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  1. Pharmacology. Dantrolene relaxes skeletal muscle by inhibiting the release of calcium from the sarcoplasmic reticulum, thereby reducing actin-myosin contractile activity. Dantrolene can help control hyperthermia that results from excessive muscle hyperactivity, particularly when hyperthermia is caused by a defect within the muscle cells (eg, malignant hyperthermia). Dantrolene is not a substitute for other temperature-controlling measures (eg, sponging and fanning).

  2. Indications

    1. The primary indication for dantrolene is malignant hyperthermia.

    2. Dantrolene may be useful in treating hyperthermia and rhabdomyolysis caused by drug-induced muscular hyperactivity that is not controlled by usual cooling measures or neuromuscular paralysis.

      1. There are a number of case reports suggesting benefit for the management of several conditions associated with muscle hyperactivity or rigidity, including neuroleptic malignant syndrome (NMS); monoamine oxidase (MAO) inhibitor-induced hyperthermia; serotonin toxicity; methylenedioxymethamphetamine (MDMA) overdose; dinitrophenol-induced hyperthermia; muscle rigidity from baclofen withdrawal; hypertonicity from carbon monoxide poisoning; tetanus; thyroid storm; and black widow spider envenomation. It should be noted that a meta-analysis of NMS case reports found that dantrolene use was associated with higher mortality than supportive care alone.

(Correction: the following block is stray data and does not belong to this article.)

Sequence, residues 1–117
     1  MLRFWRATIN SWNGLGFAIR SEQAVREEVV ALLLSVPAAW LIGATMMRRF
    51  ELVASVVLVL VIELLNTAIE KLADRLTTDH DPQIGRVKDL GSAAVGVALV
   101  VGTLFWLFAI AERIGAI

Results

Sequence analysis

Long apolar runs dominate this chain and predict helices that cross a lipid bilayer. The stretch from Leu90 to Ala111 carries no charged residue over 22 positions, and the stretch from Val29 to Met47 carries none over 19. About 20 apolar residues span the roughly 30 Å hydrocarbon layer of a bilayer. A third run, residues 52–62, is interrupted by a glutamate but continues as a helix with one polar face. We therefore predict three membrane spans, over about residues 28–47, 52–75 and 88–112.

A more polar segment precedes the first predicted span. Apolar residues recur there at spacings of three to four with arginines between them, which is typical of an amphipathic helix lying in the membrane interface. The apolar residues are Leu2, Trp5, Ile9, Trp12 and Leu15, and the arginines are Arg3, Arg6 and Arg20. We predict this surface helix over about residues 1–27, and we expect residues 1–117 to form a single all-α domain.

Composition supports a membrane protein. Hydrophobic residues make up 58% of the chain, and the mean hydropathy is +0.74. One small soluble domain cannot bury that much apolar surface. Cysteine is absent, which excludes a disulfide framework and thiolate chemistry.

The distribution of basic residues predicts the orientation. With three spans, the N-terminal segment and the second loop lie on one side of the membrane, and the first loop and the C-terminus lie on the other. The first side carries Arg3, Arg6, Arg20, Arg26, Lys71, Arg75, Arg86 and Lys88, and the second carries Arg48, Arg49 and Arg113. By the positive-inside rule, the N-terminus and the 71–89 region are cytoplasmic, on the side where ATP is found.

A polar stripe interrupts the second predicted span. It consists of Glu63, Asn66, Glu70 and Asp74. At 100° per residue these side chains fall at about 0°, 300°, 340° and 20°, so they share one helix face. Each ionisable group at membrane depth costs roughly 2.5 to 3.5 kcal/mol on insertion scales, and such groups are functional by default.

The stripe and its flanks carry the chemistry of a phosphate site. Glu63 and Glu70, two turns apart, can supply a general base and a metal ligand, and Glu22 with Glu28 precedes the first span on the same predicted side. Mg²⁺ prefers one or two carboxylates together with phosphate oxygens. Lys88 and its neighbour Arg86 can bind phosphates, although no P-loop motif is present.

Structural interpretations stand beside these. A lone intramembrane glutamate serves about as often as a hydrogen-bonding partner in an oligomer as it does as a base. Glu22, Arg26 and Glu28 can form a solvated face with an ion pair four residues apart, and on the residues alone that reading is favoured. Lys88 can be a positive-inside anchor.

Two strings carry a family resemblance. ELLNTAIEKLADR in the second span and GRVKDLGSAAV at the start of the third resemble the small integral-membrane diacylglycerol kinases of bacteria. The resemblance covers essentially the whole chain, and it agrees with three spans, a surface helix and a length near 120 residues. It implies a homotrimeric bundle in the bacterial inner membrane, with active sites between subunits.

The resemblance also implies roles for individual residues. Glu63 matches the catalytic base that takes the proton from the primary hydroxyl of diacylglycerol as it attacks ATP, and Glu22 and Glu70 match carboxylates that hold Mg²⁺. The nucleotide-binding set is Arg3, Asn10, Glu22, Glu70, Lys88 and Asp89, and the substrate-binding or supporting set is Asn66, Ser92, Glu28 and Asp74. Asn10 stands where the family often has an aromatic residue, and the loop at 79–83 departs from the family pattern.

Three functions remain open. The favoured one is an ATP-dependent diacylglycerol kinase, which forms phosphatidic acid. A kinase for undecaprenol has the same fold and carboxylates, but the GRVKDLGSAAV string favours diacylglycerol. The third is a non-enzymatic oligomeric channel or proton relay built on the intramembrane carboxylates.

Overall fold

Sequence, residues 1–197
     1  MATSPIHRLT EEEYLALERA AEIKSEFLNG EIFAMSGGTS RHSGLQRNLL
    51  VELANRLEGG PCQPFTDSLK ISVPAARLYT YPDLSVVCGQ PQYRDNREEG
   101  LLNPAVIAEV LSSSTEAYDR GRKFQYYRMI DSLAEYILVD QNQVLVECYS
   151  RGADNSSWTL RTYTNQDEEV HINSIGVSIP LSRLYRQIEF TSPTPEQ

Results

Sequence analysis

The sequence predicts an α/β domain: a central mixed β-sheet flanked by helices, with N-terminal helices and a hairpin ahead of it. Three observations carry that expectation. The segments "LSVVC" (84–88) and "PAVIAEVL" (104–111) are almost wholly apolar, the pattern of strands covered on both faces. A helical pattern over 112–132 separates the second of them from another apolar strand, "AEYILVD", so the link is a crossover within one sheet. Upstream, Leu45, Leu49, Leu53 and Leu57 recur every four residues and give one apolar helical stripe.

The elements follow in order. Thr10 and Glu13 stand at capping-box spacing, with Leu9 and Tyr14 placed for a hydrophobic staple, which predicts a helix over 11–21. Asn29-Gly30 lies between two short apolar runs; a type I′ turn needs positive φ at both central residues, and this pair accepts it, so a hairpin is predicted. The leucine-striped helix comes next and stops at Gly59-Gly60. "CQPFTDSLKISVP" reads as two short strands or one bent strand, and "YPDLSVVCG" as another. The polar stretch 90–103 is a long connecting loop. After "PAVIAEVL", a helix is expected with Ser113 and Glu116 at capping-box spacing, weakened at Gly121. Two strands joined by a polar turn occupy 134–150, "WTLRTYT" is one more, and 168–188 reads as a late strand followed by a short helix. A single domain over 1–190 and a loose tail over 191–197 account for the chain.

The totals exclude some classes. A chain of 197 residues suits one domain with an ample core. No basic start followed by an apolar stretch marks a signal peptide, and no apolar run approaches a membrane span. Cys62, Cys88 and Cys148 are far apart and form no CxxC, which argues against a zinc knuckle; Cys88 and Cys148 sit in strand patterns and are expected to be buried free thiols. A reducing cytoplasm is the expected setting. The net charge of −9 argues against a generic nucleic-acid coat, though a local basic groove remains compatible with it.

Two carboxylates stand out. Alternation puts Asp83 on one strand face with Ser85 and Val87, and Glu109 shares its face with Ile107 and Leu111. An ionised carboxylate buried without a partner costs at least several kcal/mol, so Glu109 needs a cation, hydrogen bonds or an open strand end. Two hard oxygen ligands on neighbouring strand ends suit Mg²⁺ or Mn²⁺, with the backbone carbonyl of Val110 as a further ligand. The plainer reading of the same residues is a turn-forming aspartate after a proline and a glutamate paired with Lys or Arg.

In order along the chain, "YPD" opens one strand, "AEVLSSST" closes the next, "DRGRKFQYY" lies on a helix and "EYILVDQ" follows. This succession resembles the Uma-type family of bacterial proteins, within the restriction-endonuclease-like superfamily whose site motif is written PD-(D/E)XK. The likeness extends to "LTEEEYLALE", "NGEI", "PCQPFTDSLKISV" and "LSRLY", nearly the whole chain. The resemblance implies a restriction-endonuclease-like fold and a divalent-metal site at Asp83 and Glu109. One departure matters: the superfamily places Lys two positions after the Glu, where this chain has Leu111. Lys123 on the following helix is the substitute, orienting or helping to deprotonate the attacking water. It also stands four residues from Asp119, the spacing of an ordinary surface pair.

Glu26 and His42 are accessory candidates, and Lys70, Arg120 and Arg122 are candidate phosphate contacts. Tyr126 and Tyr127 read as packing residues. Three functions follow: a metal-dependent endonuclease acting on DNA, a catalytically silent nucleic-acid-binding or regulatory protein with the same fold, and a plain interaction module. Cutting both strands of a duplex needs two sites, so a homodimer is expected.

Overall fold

3. Theoretically, dantrolene is not expected to be effective for hyperthermia caused by conditions other than muscular hyperactivity, such as increased metabolic rate (eg, salicylate or dinitrophenol poisoning); impaired heat dissipation (eg, anticholinergic syndrome); and environmental exposure (heat stroke).

  3. Contraindications. No absolute contraindications exist. Patients with muscular weakness or respiratory impairment must be observed closely for possible respiratory arrest.

  4. Adverse effects

    1. Muscle weakness, which may aggravate respiratory depression.

    2. Drowsiness, fatigue, dizziness, photosensitivity, and diarrhea.

    3. Black box warning. Potential for fatal hepatotoxicity (hypersensitivity hepatitis) reported after chronic therapy. May also be dose-related (more common with 800 mg/d). Transaminases are elevated in about 10% of patients treated with dantrolene.

    4. Intravenous administration has been associated with pulmonary edema (mannitol may contribute), phlebitis (avoid extravasation), and urticaria.

    5. Use in pregnancy. FDA Category C (indeterminate). This does not preclude acute, short-term use of dantrolene for a seriously symptomatic patient (Introduction).

  5. Drug or laboratory interactions

    1. Dantrolene may have additive CNS-depressant effects with sedative and hypnotic drugs.

    2. Dantrolene and verapamil coadministration is associated with hyperkalemia and hypotension (case report).

    3. Each 20-mg vial of Dantrium contains 3 g of mannitol; this should be taken into consideration, as it may have additive effects with any mannitol given to treat rhabdomyolysis. Use only sterile water (without bacteriostatic agent) to reconstitute. Incompatible with D5W and NS.

  6. Dosage and method of administration (adults and children)

    1. Initial dose. Give a minimum of 1 mg/kg and up to 2.5 mg/kg rapidly IV through a secure, free-flowing peripheral or central line; this may be repeated as needed every 5–15 minutes to a cumulative total dose of 10 mg/kg (up to 30 mg/kg has been used). Satisfactory response usually is achieved with an average total dose of 2.5 mg/kg.

    2. Postcrisis maintenance. To prevent recurrence of hyperthermia, administer 1–2 mg/kg intravenously or orally (up to 100 mg maximum) 4 times a day for 1–3 days. Daily dose not to exceed 400 ...

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